In a world where businesses need to allocate resources towards growth strategies though marketing and advertising, Grove Securities has achieved more than two decades of organic growth in its business.
With a presence in two Western Australian cities – Perth and Albany – Grove managing director Mark Grist describes the business as being “fairly conservative” and has found success relying on referral partners.
“We like to ensure we don’t take any risks with the business, we’re in an industry that’s probably risky enough,” Grist tells Professional Planner.
“We make sure our business is rock solid. We’ve just gradually grown the business. We’ve done very few marketing campaigns. We rarely advertise. We typically just get as much business as we can handle through client referrals.”
Grist says the practice has a diverse client base, due to a combination of service a large capital and a smaller country town, and there is a preference not to alienate referral channels or existing clients by knocking back people who have been recommended to engage the practice.
“I know that’s probably not in many people’s eyes the most business-savvy approach,” Grist says.
“However, we find that quite often those clients that we do look after that perhaps initially have not been profitable…when you get that strength of relationship, inevitably, things change over time and other referrals come in. We do prefer to definitely focus on clients that are after long-term relationships.”
Having said that, Grist says complex retirement needs and SMSF administration are key value propositions for the firm.
“We generally prefer that more complex end of advice because these days with technology, a lot of people can go out and basically do their own thing in terms of investing if they wish to,” Grist says.
Grove Securities was originally started by Grist’s father Richard in 1999 in Albany. “I had been in a totally different industry,” Grist says.
“My background was not financial services at all, but I was looking to essentially work for myself. My father was looking to retire, so it was a good opportunity.”
The junior Grist moved into the business after his father started the practice.
“There was another business he had prior to that which meant that the new business in 1999 was up and running with a decent client base pretty early on,” Grist says.
Mark was living in Perth, while Richard covered Albany, which had little appeal to his successor.
“I didn’t want to move down to Albany so we looked to recruit some good long-term people down there,” Grist says.
“We did that by recruiting Penny [Slebos] who’s still currently a director and shareholder and the primary adviser down in Albany, but with me living in Perth I also wanted to get a client base established and the business up and running. That helped in terms of the diversification of the business.”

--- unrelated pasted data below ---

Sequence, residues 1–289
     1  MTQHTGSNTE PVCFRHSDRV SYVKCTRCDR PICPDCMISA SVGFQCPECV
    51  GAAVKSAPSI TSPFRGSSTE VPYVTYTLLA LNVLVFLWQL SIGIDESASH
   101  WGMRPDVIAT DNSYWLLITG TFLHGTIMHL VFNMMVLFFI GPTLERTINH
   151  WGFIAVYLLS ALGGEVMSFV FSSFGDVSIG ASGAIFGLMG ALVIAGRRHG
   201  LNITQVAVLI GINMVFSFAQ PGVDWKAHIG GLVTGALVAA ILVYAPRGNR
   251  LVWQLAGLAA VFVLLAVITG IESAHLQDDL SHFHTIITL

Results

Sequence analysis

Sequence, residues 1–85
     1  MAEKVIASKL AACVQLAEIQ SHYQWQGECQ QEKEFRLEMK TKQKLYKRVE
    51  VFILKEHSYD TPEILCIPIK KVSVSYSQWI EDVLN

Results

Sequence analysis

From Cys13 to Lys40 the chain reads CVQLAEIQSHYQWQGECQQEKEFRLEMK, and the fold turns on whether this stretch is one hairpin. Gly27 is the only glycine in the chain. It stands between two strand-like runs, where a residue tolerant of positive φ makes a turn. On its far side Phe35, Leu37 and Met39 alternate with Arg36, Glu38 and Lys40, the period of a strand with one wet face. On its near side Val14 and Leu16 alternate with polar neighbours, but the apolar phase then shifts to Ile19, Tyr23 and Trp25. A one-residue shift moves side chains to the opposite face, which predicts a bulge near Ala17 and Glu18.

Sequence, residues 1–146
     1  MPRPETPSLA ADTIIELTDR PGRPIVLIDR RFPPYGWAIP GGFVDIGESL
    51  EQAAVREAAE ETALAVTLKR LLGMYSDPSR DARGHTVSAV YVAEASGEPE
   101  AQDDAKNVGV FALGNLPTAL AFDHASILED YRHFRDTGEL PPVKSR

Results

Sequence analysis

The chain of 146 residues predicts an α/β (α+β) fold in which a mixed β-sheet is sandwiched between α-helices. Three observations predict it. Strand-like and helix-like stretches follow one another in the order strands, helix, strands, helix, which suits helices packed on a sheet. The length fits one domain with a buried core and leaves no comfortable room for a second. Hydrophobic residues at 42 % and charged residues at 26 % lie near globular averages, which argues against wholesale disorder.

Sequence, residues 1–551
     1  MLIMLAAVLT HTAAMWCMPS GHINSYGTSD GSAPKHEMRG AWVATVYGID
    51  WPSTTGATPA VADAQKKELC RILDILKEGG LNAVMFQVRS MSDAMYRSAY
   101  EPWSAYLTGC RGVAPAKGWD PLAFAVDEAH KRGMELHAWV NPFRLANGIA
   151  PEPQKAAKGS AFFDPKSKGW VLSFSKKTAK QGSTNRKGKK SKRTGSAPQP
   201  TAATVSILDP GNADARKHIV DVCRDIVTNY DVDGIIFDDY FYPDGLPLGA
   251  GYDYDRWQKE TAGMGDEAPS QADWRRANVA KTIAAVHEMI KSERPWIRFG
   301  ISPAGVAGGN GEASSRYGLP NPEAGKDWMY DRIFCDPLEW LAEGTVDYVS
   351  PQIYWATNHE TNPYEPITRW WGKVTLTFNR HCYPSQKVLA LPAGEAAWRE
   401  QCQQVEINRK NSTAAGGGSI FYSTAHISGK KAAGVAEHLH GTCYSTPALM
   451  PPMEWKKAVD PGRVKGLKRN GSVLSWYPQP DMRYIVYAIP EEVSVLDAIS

The practice has around 350 clients and $280 million funds under advice, with three advisers in the Perth office and two in Albany.
After losing an adviser recently, Grist says it’s been a challenge to replace them because the style the business requires its advisers to cover more of the administrative load.
“There’s been three candidates that I’ve either offered or thought about offering the role to and every one of those three have said they’re not really interested once they know more about the job because they don’t want to be involved in any administration, they just want to be client facing,” Grist says.
“We like to do everything ourselves. We do have support staff, we typically have about… 13 staff all up, so we do have a reasonable level of support in delivering the advice.”
The firm has preferred going the self-licensed route, believing it gives them the ability to have a holistic view of every facet of advice business processes.
“It gives us more control and we do find there are a lot of occasions where being in control of everything ourselves enables us to then better control the client service and client outcomes that we can deliver,” Grist says.
“It’s got lots of benefits in terms of your business. It’s not only remaining in control of your destiny, it’s also being forced to really understand the regulatory environment and to understand the risks and the implications of what we do on a day-to-day basis operationally.
“We know that if anything goes wrong, we’re wearing the whole thing, so we need to know what’s going on.”
But while the business owners prefer being in the driver’s seat, Grist also agreed with the recent findings of the Australian Law Reform Commission report which described financial services law as ‘porridge’.
“I totally agree with that and for that reason, we have in recent years, decided to get more support,” Grist says.